This flu is considered as unusual in many aspects: a) It started one month earlier than two previous years; b) It caused over 300 deaths, which is much higher than last summer; c) It has sustained more than 90 days as compared to few days in last year. This outbreak may be due to the flu vaccine administered last year has begun to expire and may not be effective in providing protective immunity to the vaccinated people. It may also be due to weak flu peak last year and thus the number of people developed natural immunity would be less. This outbreak may also be due to the mutation of a dominant antigenic epitope within the H3N2 flu strain, making the flu vaccine used in the past two years ineffective .
Severe Acute Respiratory Syndrome Corona virus (SARS-CoV)
Severe acute respiratory syndrome (SARS) is another emerging corona virus and considered as a threat to human health. SARS-CoV transmits from one person to other through the droplets produced during a cough or sneezing, direct contact with infected droplets. SARS virus replicates in lungs and gastrointestinal tract . There is no vaccine or antiviral drugs to treat SARS. The SARS is caused by a corona virus. The first case of SARS was recorded in city of Foshan, Guangdong Province, China in November 2002. The Chinese Ministry of Health reported to WHO about an 'acute respiratory syndrome' outbreak causing 300 infected cases and 5 deaths. The symptoms were similar to atypical pneumonia. A 64-year-old doctor got infected with the SARS while he was treating SARS patients. This doctor was traveling to Hong-Kong and stayed in Metro pole Hotel, where 16 other people got infected with SARS. These people carried the virus to Singapore, Toronto and Hanoi. The doctor got very sick on following day and died on March 4 in a hospital. On March 15, WHO issued a global alert about the new emerging respiratory disease, SARS. After that SARS spread to 36 countries in Asia, Europe, and North America within next 6 months. Center of origin for SARS is believed to be Guangdong province in Southern China. A total number of 8096 cases were reported and 774 patients died of infection [87-89]. The symptoms of infected people were similar to influenza and include headache, fever, myalgia, respiratory failure, and death. In 2003-2004, SARS reemerged and infected 4 people. These four people were recovered [90,91]. The animals, Himalayan palm civets, and raccoon dogs were considered to harbor virus very similar to SARS .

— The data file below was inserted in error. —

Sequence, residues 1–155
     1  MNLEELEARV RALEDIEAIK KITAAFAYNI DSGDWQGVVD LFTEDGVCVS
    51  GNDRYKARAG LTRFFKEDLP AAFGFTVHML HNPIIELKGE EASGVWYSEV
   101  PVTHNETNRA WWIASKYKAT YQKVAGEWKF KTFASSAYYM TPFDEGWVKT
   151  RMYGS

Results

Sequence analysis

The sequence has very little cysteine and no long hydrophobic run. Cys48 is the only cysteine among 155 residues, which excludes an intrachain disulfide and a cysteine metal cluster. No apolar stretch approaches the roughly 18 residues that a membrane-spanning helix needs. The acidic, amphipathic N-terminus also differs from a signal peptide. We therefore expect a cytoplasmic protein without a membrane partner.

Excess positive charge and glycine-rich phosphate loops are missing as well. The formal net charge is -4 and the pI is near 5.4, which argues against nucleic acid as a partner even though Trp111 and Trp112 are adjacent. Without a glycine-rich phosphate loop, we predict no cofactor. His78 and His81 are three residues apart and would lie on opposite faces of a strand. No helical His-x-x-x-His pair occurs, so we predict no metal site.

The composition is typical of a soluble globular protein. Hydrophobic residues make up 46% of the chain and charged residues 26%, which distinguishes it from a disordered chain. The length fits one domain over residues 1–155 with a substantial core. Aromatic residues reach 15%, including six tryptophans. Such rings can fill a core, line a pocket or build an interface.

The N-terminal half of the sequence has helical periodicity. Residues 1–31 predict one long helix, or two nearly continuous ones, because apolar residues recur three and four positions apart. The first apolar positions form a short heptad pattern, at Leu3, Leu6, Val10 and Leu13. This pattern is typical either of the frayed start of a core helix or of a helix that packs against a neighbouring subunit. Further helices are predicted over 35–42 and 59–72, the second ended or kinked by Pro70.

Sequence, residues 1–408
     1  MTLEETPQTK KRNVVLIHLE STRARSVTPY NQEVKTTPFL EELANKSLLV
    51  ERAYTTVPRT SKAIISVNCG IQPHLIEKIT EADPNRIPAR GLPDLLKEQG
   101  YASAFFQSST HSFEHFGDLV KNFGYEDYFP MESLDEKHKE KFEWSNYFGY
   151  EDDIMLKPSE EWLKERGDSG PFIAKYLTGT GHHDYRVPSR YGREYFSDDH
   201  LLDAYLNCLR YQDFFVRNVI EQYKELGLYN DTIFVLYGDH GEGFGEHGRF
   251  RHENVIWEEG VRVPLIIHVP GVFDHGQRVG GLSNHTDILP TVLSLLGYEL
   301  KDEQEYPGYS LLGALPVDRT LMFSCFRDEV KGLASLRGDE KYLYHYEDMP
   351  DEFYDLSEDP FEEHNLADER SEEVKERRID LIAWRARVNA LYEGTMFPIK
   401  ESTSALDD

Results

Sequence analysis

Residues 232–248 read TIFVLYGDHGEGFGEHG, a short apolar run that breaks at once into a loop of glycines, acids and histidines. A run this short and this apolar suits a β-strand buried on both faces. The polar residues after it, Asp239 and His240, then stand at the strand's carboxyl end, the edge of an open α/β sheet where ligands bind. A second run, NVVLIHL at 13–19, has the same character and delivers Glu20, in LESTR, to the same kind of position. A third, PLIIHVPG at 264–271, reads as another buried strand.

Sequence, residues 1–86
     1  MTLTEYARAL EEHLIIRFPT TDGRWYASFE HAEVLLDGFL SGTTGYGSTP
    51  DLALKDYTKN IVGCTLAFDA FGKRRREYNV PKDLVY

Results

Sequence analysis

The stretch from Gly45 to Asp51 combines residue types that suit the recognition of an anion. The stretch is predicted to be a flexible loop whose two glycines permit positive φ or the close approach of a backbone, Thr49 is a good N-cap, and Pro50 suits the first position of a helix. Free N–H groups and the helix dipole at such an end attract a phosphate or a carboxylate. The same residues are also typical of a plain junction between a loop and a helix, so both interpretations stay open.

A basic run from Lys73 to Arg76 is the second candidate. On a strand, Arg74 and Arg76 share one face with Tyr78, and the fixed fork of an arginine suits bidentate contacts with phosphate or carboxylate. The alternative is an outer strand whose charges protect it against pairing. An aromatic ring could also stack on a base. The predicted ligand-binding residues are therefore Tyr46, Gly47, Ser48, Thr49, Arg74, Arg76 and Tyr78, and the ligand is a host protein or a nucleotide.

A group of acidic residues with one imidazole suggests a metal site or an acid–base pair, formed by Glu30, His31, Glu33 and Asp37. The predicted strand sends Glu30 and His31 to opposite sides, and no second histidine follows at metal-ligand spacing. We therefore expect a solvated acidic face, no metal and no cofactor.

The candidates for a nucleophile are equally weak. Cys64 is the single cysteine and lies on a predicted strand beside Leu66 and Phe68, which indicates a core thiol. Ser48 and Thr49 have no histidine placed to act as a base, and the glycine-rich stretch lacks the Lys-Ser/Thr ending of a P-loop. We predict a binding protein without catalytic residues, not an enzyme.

Middle East Respiratory Syndrome Corona virus (MERS-CoV)
After 2004, no more case of SARS reported, however, another similar disease called Middle East respiratory syndrome (MERS) continue to appear. The MERS caused by a corona virus. The first case of MERS was reported in Saudi Arabi in June 2012 . MERS cases were also detected in Qatar, Oman and the United Arab Emirates . MERS rapidly spread to other countries in Asia, Europe, and Africa by travelers resulting in total 1626 people infection with 36% fatality till Jan 2015 .
Nipah Virus (NIV)
Nipah virus is a recently discover non segmented RNA virus belongs to paramyxovirus family. It is a highly pathogenic virus and laboratory work requires bio safety level-4 containment. Nipah virus enters into central nervous system (CNS) and causes encephalitis in infected individuals with a mortality rate of 40-70%. However, the exact route of entry of Nipah virus into CNS is unknown but study have shown that it could enters through the olfactory epithelium in nasal turbinates . The genome of NiV consists of six genes (N-P-M-F-G-L) flanked by 5'trailer region and 3'leader region . The fruit bats of Pteropus genus considered as the main reservoir of NiV. The NiV can infect many mammalian species like cats, horses, dogs and pigs. NiV has been considered as emerging virus threaten to human health in Southeast Asia. The NiV has no-segmented RNA genome and considered as highly mutagenic virus. NiV caused the deadly disease in human and have wide reservoir hosts . This virus was first recognized in 1998 when it caused viral encephalitis outbreak in Malaysia. This outbreak infected 300 people with 35% mortality . This outbreak was caused by NiV transmission from pigs to human  and culling of 1 million pigs leads to the control of outbreak. Initially, it was considered that the outbreak was caused by the Japanese encephalitis (JE) which is a mosquito born RNA virus, but JE vaccination could not treat the disease. After initial outbreak, NiV has reemerged in Bangladesh in 2001, 2003, 2004, 2005, 2007 and 2008 that caused fetal human encephalitis [100,101]. NiV has also reemerged in India in 2001 and 2007 that also leads to fatal human encephalitis. NiV infection can be diagnosed by virus isolation and RT-PCR from nasal and throat swab, urine, cerebrospinal fluid and blood. Antibody detection (IgG and IgM) can also be used to detect NiV infection. Nosocomial infection of NiV can be prevented by standard control practice and proper nursing techniques. The ribavirin drug is effective in vitro but clinical application of ribavirin remained uncertain.